GreenCentre Canada Offers Assistance to Growing Chemistry Companies

One of Launch Lab’s clients, FireRein was featured in a Kingston Whig Standard article recently, written by Max Szyc.

GreenCentre Canada, a Kingston-based company that assists organizations specializing in green chemistry innovation, is now accepting applications to help growing small- and medium-sized enterprises in Ontario.


Located in Innovation Park at Queen’s University, the company offers research and development services to “develop, de-risk and scale up chemistry and materials-based innovations,” according to a news release.

“We’re making it easier for people to find us,” executive director Lyle Clarke said by phone from Toronto’s Ontario Centres of Excellence’s Discovery conference. “The applications are always open, so any entrepreneur who feels we can help them is free to contact us any time.”

Clarke said that when the company formed in 2009, it initially focused on commercializing academic discoveries. But GreenCentre has since broadened its capabilities and now offers its services to any international company on a commercial basis.

“We’ve expanded … to advance technology right from the ideation stage from universities, right through development and scale-up, so we can take technologies and put them in the field and get them to the late stage of commercialization,” Clarke said.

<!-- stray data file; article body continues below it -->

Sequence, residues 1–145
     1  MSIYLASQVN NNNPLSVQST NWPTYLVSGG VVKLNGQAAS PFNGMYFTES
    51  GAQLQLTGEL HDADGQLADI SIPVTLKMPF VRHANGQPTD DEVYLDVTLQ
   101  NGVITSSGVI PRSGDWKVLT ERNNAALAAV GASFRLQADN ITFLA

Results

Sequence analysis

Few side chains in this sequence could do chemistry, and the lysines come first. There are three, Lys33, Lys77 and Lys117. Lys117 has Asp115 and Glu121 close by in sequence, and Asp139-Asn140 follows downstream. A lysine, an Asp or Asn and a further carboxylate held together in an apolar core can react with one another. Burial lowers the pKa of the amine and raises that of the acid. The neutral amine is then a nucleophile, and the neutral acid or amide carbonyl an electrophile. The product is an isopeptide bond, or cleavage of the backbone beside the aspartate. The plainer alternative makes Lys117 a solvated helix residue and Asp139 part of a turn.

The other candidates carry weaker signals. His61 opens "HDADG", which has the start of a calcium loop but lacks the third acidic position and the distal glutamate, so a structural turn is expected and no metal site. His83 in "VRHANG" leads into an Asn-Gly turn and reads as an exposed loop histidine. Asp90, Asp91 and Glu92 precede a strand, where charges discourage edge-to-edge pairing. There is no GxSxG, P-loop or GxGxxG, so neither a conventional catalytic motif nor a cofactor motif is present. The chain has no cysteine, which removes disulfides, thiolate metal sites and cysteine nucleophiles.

Quincy Emmons, CEO of the Napanee-based company FireRein, is thankful for GreenCentre’s services.

Founded in 2012, Emmons’ company has been developing a water additive that could revolutionize the firefighting industry. When introduced into a fire steam, the additive would create a gel that could quickly knock down a fire with up to 90% less water.

“The idea is it can be used to prevent fires, as well as protect from and extinguish, so it’s a triple threat,” Emmons said. “A good example would be the marsh that burns every spring in Kingston. We can create a break there so the fire would only burn towards the coated product since the gel sticks to anything.”

Emmons said this technology is already in place in the United States, and he wants to bring it to Canada. FireRein went to GreenCentre in late 2013, and the company pointed it towards numerous helpful grants, along with providing lab work. This eventually led to a formula that could suppress both class A and B fires.


“We’d be the first in the world to do that, to our knowledge,” Emmons said, adding that he’s hoping to make the gel available by early 2016. “This one program is going to be huge for us.”

Emmons adds that without GreenCentre Canada’s help, his company likely would have spent the rest of 2015 just looking for funds to continue the project.

As for possible increases in Ontario-based chemistry companies, Clarke believes growth will go beyond the province, adding to Canada’s “comprehensive innovation culture.”

“Even in Kingston alone at Innovation Park, there are sister organizations like Launch Lab that work together to help ideas get to market,” Clarke said. “We at GreenCentre are proud components of that ecosystem focusing on chemistry, and in particular, green chemistry.”

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